Six Steps to Becoming a Better "Work Prophet"

by Tim McGuire

E-mail writers are constantly telling me that even though their workplaces are bleak and their bosses refuse to listen to sincere, well-intentioned feedback and advice, they are too frightened to rock the sinking corporate boat. They say nothing and do nothing.

Fortunately, Cynthia Cooper of WorldCom, Colleen Rowley of the FBI and Sherron Watkins of Enron were not afraid to rock the boat and that's why TIME magazine made them the persons of the year.

I'm afraid most American workers are still too frightened, too reluctant and too intimidated to even speak their minds much less be whistleblowers. Because of the sheer negative power of bosses, too few people in the workplace are comfortable with the concept that spirituality-of-work scholars call "prophetic work." [on-the-spot edits happened here]

The concept simply means speaking out for what the worker believes is right. The ancient religious prophets spoke out against the kings, the rich, the powerful, and they spoke to protect the poor, the lame and the sick. They spoke for truth.

One scholar, Matthew Fox, says every profession requires prophets. He says, "the prophet, by definition, interferes. . . . and one significant place for our interference is where we work and earn a living."

As with all work and spirituality issues, the responsibility for the reluctance of American workers to be "prophets," to speak their mind about wrongdoing, bad customer service or the abuse of privileges by other employees, rests with both bosses and workers.

Bosses who run workplaces where employees are scared to challenge the status quo cannot say they bring their ethics and spirituality to work. Your arrogance overwhelms your values if you can't listen to and carefully consider the input of your staff.

If, as a boss, you believe that all your systems are incorruptible and that nobody's personal greed can destroy your company, you are kaput!

The headlines tell us some executives believed they could loot their own companies because nobody would have the courage to blow the whistle. Why are employees silent when they see bad management, illegalities or employee abuse?

Fear of reprisal is the most obvious reason. A lack of personal courage to stand up for ethics and values is clearly a culprit. Some of it goes back to elementary school when we were taught not to be tattletales.

Some of it is fed by the "mind-your-own-business" mentality of our current culture. When I was 17 and itching to get in trouble in a small town, the whole community was ready and willing to tell my parents. Today, parents are liable to tell those well-intentioned caretakers to take a hike. The same thing happens in the workplace. Helpful input is often resented.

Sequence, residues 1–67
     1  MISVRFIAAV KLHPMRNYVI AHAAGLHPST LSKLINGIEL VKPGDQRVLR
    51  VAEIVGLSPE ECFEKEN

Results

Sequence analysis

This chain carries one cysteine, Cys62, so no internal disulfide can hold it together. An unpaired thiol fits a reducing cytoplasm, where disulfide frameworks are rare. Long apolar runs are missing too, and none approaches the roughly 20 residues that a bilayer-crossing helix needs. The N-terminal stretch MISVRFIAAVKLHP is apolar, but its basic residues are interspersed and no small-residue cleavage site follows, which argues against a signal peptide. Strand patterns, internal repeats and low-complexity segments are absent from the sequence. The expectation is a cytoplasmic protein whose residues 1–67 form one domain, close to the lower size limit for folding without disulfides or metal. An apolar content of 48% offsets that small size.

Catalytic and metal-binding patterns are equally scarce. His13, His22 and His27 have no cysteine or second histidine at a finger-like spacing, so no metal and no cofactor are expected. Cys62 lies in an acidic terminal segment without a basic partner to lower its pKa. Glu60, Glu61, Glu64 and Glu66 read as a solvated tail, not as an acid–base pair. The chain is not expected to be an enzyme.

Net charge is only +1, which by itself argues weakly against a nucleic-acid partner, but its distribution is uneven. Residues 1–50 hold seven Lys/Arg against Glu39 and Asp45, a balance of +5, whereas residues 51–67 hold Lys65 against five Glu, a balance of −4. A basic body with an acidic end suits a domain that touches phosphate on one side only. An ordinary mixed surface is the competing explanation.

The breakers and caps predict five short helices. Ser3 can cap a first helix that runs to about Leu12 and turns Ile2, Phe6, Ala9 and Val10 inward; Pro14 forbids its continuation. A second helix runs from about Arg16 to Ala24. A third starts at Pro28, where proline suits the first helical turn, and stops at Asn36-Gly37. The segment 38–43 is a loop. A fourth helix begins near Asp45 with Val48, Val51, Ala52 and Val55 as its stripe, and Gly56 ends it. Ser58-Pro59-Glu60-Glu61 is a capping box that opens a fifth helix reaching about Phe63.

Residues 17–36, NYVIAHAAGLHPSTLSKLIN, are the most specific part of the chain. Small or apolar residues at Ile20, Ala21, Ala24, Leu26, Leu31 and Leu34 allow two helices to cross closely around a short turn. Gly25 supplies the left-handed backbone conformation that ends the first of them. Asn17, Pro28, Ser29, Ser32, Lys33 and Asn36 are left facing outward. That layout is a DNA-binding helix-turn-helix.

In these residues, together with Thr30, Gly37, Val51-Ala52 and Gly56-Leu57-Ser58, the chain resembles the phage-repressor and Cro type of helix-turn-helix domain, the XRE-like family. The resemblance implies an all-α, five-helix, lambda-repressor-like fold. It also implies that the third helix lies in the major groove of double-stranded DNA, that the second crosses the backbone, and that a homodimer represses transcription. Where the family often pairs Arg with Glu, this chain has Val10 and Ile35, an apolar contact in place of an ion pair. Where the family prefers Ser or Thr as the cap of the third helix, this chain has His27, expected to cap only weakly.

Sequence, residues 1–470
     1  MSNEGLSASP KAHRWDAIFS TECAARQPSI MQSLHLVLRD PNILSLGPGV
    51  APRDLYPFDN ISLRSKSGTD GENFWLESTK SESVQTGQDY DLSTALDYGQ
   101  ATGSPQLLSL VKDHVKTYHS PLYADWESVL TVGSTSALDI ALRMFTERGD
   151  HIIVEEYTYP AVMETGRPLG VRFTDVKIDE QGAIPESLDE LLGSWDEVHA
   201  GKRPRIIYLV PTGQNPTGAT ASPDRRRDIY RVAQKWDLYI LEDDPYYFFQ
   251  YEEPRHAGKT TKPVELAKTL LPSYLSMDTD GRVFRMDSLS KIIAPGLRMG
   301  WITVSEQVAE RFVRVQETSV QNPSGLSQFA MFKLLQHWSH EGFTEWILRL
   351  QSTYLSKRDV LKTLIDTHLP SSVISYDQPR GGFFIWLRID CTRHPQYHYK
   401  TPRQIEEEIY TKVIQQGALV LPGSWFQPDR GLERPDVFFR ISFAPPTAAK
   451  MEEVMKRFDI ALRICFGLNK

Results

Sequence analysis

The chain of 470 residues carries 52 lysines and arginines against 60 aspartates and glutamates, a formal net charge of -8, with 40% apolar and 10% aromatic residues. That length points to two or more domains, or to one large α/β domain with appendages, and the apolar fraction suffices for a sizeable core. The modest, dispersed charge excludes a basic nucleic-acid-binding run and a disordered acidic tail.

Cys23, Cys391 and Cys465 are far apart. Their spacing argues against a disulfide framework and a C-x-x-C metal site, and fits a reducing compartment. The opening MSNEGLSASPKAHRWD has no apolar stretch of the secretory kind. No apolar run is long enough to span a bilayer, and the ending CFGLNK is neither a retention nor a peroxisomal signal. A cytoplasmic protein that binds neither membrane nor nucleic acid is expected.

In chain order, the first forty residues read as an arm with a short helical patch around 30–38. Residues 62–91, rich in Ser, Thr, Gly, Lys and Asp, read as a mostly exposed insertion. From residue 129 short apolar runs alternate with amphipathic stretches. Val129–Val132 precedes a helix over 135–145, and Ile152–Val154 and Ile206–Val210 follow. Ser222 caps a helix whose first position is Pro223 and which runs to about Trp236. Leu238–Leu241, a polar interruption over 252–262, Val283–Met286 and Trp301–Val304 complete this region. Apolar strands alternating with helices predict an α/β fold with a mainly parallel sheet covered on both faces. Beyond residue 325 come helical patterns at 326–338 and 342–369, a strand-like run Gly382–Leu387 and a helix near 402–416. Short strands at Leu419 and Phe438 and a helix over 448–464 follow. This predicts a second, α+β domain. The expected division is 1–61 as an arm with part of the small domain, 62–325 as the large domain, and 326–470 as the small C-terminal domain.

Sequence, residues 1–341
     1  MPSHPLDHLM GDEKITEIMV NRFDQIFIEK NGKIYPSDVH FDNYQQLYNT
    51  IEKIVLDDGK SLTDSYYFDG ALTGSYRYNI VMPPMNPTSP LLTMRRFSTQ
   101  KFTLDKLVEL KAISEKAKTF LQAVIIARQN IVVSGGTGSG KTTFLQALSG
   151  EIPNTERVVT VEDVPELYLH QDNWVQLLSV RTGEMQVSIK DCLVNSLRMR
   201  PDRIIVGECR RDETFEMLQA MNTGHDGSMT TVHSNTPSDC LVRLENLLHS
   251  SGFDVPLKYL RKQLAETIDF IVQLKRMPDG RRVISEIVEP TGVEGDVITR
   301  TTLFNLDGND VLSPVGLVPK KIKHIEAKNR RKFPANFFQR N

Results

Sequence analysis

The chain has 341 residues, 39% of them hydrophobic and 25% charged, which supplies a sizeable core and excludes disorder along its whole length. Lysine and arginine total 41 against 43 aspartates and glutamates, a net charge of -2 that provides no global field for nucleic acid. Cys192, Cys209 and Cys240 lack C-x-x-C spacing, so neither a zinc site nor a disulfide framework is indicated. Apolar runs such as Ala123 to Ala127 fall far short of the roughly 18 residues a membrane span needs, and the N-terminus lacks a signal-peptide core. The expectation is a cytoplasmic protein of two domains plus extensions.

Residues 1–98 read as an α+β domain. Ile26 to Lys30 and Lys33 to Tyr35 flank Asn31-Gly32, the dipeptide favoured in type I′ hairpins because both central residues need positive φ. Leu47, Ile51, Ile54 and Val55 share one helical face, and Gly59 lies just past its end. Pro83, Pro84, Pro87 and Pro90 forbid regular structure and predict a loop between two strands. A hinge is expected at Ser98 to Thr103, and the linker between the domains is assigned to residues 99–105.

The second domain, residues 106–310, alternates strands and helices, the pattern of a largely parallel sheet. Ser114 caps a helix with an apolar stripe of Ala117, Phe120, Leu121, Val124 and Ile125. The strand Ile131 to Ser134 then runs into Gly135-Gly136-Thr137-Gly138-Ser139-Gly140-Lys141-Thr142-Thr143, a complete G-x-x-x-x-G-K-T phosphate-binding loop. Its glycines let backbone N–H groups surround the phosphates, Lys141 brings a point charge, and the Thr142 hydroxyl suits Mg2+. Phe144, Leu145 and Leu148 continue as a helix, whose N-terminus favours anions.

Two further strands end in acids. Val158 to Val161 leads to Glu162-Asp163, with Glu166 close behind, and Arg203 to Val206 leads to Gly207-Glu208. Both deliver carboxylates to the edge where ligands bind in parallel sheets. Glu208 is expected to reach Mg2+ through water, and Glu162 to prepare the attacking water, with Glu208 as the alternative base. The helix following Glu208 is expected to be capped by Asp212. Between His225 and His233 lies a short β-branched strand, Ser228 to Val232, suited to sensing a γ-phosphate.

The other problem with "prophetic workers" is that it is sometimes difficult to distinguish between true work prophets and those people we politely call "pains in the butt."

I've been both. People have told me my objections and suggestions made me an important conscience of my company, but others told me I was an obstructionist and I abused my power to persuade. I'm sure both are truth.

Here are six things I believe would make all of us a better "work prophets."

  1. Start with yourself. Makes sure you are serving the interests of the company and not your own self interests.
  2. Make sure the issues you advocate relate to the core values of the company. Stop and ask yourself if it's really worth the fight. Don't battle over the color of the drapes.
  3. Be constructive.
  4. Enhance the self esteem of others. Remove contention by carefully listening to what other people say. Then make their comments part of your solution.
  5. Be clear and straightforward without being judgmental. Be direct but don't load up your argument with a snotty tone, condescension.
  6. Make your suggestions specific, actionable and manageable. Too often we try to fix all the problems of the world in one meeting.

These six steps will help you be more courageous and effective in the workplace.

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Coleen Rowley

is Special Agent in the Minneapolis Division of the Federal Bureau of Investigation. (She speaks in a personal capacity and not on behalf of the FBI.)

Since September 11, 2001, she has been examining her own deepest motivations and has become a counselor and role model for others. In this program, she speaks about her personal experiences and how her conscience has developed. What might the high-profile courage of this plainspoken woman have to do with the rest of us, in other fields of work?

is a syndicated columnist, speaker, and facilitator. He's the past president of the American Society of Newspaper Editors and former Vice President and Editor of the Star Tribune in Minneapolis.

Tim McGuire connects the morality of whistleblowing with a larger movement sometimes called spirituality in the workplace. McGuire writes a weekly syndicated column, More Than Work, for United Media addressing ethics, spirituality, and values in work. He traces his interest in this field to a period in which he was searching for ways to reconcile his own values and his style of leadership.